Limited evidence of hierarchical encoding in the cheerleader effect

Daniel J. Carragher, Nicole A. Thomas, O. Scott Gwinn, Mike E.R. Nicholls

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3 Citations (Scopus)
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Abstract

“The cheerleader effect” refers to the increase in attractiveness that an individual face experiences when seen in a group of other faces. It has been proposed that the cheerleader effect occurs because (a) the visual system rapidly summarises a group of faces into an ensemble representation, (b) which is hypothesised to be highly attractive because of its average facial characteristics, and (c) observers remember individual faces to be more alike the ensemble representation than they were, due to hierarchical structure of visual working memory. Across three experiments, we investigated whether the cheerleader effect is consistent with hierarchical encoding, by asking observers to give attractiveness ratings to the same target faces shown in groups and alone. Consistent with hierarchical encoding, the largest attractiveness increases of 1.5–2.0% occurred when target faces were presented in groups of faces that could be mentally summarised to create an ensemble representation with average facial characteristics. Surprisingly, smaller cheerleader effects still occurred in conditions that were incompatible with hierarchical encoding (i.e., groups with non-human images). Together, these results offer only limited evidence for the role of hierarchical encoding in the cheerleader effect, suggesting that alternative mechanisms must be explored in future research.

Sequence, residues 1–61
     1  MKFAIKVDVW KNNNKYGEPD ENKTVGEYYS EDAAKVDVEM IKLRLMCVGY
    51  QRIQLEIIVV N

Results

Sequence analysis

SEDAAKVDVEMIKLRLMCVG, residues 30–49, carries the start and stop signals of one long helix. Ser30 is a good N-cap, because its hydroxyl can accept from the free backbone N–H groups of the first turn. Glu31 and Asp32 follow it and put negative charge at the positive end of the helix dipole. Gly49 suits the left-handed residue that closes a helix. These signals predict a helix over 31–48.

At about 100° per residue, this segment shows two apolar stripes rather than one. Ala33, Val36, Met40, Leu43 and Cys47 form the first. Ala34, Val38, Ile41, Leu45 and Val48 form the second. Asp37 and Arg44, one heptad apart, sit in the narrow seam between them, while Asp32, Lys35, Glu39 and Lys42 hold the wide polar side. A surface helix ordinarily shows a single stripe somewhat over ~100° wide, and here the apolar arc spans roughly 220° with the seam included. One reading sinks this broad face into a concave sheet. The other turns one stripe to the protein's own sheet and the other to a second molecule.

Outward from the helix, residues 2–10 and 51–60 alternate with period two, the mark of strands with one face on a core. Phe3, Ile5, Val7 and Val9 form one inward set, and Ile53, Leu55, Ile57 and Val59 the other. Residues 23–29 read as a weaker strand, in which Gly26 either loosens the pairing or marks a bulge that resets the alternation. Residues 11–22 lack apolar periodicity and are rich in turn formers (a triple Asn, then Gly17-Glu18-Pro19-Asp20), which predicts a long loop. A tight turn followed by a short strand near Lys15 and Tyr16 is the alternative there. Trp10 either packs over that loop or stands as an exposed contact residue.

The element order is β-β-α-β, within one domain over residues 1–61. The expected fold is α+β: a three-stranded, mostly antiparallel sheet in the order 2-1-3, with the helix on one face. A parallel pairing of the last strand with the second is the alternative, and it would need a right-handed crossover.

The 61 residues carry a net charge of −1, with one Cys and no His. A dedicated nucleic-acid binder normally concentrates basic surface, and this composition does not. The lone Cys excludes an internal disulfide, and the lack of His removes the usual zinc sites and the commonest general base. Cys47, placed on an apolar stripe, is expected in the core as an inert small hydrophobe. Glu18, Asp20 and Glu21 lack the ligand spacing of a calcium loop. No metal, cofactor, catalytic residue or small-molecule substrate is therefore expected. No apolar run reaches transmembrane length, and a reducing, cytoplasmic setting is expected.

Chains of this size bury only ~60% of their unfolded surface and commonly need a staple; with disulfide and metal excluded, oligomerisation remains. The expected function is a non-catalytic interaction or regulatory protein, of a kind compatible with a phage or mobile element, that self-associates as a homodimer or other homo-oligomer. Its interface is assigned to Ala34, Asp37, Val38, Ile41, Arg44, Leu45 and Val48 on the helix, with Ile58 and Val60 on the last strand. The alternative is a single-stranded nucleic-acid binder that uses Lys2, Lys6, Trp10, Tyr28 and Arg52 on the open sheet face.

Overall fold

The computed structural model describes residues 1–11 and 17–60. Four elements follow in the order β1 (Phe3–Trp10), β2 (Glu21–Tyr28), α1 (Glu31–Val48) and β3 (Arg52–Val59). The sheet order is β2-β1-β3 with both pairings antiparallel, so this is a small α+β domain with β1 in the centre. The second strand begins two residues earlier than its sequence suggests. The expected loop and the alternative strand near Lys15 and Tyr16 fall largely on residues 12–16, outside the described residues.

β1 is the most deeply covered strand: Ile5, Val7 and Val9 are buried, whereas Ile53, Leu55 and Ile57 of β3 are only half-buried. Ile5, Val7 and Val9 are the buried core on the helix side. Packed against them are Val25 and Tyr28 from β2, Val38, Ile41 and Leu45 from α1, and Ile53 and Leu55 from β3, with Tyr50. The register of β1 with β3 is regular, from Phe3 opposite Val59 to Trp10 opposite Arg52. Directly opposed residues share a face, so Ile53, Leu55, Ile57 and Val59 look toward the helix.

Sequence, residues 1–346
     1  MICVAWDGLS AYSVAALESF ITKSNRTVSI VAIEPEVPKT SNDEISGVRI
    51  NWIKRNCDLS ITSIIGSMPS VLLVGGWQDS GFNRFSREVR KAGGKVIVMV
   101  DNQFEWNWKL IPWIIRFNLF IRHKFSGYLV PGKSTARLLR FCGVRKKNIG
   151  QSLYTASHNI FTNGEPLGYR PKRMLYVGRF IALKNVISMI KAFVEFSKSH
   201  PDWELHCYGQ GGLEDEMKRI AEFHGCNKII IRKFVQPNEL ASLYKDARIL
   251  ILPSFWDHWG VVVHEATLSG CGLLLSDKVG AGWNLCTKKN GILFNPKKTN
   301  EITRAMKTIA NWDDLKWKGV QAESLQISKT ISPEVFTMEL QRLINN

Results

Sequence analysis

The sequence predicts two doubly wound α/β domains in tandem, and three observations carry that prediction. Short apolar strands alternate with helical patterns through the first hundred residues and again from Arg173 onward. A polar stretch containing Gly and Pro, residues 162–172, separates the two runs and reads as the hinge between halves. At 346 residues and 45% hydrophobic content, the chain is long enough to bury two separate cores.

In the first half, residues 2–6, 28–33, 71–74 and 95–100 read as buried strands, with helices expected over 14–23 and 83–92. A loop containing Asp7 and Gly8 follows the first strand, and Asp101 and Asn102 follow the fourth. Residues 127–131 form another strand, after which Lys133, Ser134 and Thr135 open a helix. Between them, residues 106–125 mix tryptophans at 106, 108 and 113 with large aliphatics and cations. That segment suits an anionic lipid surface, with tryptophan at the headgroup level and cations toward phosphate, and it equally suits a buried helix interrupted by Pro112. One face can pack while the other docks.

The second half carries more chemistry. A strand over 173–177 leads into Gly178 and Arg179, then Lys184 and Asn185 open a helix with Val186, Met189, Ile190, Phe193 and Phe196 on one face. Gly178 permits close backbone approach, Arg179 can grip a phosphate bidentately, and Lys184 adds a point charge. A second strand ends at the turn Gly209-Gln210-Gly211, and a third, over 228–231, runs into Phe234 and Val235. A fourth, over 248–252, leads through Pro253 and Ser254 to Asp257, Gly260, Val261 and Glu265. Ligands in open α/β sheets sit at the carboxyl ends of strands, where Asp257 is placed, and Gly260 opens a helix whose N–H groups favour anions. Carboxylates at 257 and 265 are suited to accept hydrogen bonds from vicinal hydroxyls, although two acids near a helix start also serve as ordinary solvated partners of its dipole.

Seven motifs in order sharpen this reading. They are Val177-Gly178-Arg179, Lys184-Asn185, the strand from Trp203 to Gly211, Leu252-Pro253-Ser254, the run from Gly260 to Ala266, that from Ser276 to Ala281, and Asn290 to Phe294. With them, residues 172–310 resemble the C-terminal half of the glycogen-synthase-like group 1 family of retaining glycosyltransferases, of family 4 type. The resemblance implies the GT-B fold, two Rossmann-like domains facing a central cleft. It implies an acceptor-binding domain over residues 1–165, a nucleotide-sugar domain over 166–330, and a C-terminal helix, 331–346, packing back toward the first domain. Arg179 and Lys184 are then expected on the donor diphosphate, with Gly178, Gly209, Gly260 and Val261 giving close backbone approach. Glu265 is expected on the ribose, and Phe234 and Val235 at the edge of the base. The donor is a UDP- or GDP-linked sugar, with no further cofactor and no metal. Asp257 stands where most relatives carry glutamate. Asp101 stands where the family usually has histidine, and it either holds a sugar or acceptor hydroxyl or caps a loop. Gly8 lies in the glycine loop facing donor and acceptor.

Original languageEnglish
Article number9329 (2019)
JournalScientific Reports
Volume9
Issue number1
DOIs
Publication statusPublished - 27 Jun 2019

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CC BY. Open Access. This article is licensed under a Creative Commons Attribution 4.0 International License, which permits use, sharing, adaptation, distribution and reproduction in any medium or format, as long as you give appropriate credit to the original author(s) and the source, provide a link to the Creative Commons license, and indicate if changes were made. The images or other third party material in this article are included in the article’s Creative Commons license, unless indicated otherwise in a credit line to the material. If material is not included in the article’s Creative Commons license and your intended use is not permitted by statutory regulation or exceeds the permitted use, you will need to obtain permission directly from the copyright holder. To view a copy of this license, visit http://creativecommons.org/licenses/by/4.0/.

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